Habermas emphasises that solidarity is a political act and is in no way a form of moral selflessness. It is an attractive concept because it pays off in the long term. Habermas likens the concept to one’s ethical obligation to family: If a distant relative calls to ask for a favour, you will agree to help only if you can count on that relative to do the same for you in a similar situation. In other words, solidarity works according to the principle of “predictable reciprocity”. This, according to Habermas, can be extended to political communities bound by shared goals.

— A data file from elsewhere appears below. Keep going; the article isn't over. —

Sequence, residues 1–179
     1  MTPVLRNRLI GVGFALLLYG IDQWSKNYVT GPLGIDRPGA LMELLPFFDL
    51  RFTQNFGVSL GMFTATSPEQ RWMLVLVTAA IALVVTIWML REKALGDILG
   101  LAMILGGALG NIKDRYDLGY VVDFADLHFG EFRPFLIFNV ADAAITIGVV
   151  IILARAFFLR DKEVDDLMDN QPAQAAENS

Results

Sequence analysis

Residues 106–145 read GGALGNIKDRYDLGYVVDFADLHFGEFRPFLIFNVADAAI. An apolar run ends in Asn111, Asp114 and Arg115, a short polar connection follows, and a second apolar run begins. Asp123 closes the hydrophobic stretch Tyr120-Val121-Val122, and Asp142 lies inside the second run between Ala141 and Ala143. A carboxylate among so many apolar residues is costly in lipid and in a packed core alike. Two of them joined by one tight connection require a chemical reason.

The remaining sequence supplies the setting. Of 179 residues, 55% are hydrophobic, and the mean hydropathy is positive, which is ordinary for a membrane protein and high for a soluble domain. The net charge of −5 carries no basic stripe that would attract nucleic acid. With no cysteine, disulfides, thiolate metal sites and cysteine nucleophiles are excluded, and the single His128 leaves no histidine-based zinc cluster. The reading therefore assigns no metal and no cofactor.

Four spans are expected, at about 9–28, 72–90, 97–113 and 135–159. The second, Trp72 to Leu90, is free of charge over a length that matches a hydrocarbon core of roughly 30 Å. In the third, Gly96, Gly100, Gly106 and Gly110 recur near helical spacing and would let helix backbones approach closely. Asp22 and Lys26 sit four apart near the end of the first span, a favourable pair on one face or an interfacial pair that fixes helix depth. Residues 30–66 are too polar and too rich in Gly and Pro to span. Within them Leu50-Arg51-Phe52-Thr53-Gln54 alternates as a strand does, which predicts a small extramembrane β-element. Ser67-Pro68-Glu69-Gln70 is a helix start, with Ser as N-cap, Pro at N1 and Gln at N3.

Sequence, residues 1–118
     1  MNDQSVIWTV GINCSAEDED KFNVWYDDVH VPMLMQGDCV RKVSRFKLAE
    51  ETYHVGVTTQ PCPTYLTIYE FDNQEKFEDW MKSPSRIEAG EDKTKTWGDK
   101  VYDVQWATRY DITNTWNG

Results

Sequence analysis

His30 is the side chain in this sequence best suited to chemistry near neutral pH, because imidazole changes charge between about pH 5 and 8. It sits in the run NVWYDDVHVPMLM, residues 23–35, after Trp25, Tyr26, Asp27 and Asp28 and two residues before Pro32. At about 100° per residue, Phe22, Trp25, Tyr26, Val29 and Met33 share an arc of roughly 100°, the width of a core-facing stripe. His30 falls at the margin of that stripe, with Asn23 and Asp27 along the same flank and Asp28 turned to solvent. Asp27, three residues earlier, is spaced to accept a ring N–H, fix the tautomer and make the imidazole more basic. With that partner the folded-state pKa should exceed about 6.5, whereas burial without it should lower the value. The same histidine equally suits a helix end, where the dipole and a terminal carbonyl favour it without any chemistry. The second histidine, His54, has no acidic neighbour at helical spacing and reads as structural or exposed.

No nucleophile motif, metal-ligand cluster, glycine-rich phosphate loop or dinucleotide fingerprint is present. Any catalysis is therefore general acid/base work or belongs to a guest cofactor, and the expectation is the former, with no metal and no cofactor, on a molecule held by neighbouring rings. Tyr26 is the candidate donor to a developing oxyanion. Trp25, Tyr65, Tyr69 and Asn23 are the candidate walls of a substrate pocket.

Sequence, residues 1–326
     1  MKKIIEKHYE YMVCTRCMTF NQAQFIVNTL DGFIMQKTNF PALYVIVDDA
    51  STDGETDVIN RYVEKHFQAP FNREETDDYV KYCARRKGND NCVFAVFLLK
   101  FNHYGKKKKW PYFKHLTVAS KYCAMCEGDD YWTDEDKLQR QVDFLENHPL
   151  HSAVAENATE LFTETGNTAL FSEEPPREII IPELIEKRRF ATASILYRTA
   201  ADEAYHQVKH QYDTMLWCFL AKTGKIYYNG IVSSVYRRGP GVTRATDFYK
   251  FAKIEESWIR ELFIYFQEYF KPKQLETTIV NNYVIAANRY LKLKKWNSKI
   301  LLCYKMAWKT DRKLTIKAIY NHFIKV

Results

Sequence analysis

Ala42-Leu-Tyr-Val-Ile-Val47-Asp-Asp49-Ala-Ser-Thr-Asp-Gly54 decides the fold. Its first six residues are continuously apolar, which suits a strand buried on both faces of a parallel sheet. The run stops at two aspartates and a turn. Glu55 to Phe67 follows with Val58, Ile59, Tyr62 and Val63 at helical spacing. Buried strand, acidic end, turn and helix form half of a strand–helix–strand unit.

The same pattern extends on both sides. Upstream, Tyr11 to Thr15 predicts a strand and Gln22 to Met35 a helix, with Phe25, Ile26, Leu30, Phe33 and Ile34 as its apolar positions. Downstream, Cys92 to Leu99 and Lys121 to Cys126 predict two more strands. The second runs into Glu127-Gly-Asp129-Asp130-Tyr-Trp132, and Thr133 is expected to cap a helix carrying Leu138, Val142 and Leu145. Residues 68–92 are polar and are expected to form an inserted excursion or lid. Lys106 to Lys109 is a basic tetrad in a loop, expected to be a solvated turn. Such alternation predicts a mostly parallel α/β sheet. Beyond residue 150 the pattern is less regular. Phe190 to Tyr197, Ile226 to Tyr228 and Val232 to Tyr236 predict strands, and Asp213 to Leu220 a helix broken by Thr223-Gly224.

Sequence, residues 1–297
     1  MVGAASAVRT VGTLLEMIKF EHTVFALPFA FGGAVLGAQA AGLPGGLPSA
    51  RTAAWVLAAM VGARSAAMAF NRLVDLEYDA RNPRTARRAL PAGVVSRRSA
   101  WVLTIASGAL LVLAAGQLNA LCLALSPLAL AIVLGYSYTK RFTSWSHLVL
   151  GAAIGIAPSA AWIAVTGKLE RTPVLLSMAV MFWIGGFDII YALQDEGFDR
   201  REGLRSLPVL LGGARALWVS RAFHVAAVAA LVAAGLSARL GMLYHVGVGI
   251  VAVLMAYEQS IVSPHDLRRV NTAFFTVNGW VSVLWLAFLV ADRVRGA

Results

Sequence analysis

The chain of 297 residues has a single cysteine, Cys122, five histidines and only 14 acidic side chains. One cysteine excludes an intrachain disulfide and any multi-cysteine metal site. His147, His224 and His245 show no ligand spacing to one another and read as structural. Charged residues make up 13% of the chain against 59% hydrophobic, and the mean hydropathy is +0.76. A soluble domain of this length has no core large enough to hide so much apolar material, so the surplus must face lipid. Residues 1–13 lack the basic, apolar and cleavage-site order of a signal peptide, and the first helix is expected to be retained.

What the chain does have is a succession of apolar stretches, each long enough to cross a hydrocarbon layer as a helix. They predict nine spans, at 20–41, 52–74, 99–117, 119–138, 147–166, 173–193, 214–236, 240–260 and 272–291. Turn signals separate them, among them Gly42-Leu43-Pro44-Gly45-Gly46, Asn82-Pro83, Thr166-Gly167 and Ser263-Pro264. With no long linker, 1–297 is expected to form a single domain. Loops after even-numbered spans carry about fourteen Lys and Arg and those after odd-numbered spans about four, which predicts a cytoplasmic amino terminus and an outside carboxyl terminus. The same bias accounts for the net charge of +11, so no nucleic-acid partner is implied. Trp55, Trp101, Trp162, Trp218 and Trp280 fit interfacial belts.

Habermas concludes that the monetary union can only be saved through solidarity: “Providing loans to over-indebted states is not enough. What is needed is a cooperative effort from a shared political perspective to promote growth and competitiveness in the euro zone as a whole." Such an effort would require Germany and several other countries to accept short- and medium-term losses, confident in the conviction that solidarity is in their – and our – long-term interest.